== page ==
Key to these goals is the importance of pursuing the highest academic rigour. It is important to note that all categories of manuscripts submitted to CJA will undergo the customary blinded peer review.

As a part of the new look CJA we will be updating the editorial board. In the past 20 years many Australian chiropractors have completed research degrees. I hope to highlight these practitioners and their work by inviting them to be a part of the CJA. The editorial focus will be on chiropractors trained in research as well as those with high levels of clinical acumen. As editor, it will be my goal to partner with academic chiropractors to assist in the two-way dissemination of knowledge via the CJA.

It is hoped that the cases reported in the CJA will become part of the teaching content for Australian academics thus assisting the translation of knowledge to the student population via publications and then to the profession by reports written by students partnering with academic mentors.

Additionally, for the first time, the CJA will develop section sub-editors covering various developing special interest areas in the profession. These areas will support the standards being established by AICE. AICE has been created to establish recognition of advanced learning pathways in chiropractic in several keys areas of chiropractic practice. These key areas have been determined by AICE to be important sub populations of patients presenting to chiropractors. The population areas include but are not limited to: Sports and Exercise, Neurorehabilitation, Paediatrics, Wellbeing and Lifestyle Management, Pain, Workplace and Occupational Health, Geriatrics, Women’s Health, and Rural, Regional, Remote Health (including Indigenous Health).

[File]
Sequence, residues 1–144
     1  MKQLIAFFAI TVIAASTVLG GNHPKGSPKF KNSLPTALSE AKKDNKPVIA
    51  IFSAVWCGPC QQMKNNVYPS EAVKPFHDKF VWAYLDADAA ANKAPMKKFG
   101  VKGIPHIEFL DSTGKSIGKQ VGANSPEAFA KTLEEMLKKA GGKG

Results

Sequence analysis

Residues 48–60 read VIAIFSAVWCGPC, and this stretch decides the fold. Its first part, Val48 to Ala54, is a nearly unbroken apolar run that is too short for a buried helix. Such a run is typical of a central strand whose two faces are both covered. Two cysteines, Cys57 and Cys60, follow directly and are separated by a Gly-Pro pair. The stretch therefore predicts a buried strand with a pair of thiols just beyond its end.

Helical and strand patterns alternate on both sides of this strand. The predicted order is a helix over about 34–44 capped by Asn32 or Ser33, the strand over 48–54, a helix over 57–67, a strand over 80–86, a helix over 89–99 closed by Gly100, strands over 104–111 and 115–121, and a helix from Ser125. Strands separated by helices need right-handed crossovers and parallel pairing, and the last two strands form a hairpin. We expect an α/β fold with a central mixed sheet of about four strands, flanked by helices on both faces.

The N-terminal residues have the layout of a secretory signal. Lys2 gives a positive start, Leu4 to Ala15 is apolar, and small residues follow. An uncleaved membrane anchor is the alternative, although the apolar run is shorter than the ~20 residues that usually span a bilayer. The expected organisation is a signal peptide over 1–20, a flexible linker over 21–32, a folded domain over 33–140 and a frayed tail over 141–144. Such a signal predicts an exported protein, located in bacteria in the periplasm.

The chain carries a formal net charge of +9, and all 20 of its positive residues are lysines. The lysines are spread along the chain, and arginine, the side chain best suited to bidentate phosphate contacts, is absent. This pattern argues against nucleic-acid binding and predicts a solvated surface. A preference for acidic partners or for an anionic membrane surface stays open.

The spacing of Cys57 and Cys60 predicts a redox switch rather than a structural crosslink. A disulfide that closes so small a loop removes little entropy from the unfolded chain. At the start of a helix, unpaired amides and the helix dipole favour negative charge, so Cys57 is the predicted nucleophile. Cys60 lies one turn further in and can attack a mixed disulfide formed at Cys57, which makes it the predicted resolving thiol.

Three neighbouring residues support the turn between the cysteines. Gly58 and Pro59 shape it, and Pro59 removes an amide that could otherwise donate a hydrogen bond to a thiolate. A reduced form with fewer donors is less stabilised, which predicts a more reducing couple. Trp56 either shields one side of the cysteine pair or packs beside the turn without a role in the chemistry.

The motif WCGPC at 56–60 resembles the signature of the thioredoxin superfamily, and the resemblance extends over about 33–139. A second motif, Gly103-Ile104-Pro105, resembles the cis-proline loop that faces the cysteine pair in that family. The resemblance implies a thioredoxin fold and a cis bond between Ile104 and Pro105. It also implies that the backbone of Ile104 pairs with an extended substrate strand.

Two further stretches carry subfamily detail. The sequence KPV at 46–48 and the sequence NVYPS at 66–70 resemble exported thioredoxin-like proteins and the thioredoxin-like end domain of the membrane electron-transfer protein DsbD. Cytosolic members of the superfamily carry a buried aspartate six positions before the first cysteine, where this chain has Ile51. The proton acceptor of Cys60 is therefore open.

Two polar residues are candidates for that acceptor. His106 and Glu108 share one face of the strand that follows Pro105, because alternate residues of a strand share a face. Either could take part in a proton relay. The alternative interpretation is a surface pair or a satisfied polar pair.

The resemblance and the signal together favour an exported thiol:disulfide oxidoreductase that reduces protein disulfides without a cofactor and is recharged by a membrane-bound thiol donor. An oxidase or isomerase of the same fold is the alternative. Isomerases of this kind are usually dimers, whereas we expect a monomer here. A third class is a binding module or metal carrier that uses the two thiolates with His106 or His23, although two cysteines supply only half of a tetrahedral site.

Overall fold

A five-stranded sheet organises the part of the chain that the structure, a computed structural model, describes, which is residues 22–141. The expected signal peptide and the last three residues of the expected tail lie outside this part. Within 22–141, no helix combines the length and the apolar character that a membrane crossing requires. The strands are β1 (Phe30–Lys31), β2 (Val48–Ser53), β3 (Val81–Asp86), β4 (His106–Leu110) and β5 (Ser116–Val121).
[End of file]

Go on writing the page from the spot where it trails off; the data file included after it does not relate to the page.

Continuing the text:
Part of the AICE requirement to attain recognition in one of the special interest areas will be to publish research or a case report focussing on the management of a patient within that focus area. This publication requirement will provide timely evidence of scope for the profession. Additionally, these smaller studies will assist in the design of later larger clinical studies.

The chiropractic profession has a duty of care to its patients like all other healthcare professions to deliver evidence informed care to its patient base. As editor, it is my belief that this duty of care extends to the CJA to help provide evidence of scope and outcome for the profession through the care provided to the public.

Join with us at the CJA as we move into this exciting new phase of the journal. Please join with me in thanking our past editors, including the immediate past editors: Dr Dana Lawrence and Dr Anthony Rosner and their editorial teams for their fine service to date. I would also like to thank the ACA for their support of the journal and in particular the provision of staff, especially Ms Glynis Grace, who greatly assists in the day to day running of the journal.

It is hoped that these changes will engage more readers with quality, timely and relevant content that is interesting to clinicians. I thank you for your past scholarship and readership and look forward to bringing you a clinical experience that will be both interesting and relevant to the modern chiropractor.

Adj Prof Henry Pollard
Editor, Chiropractic Journal of Australia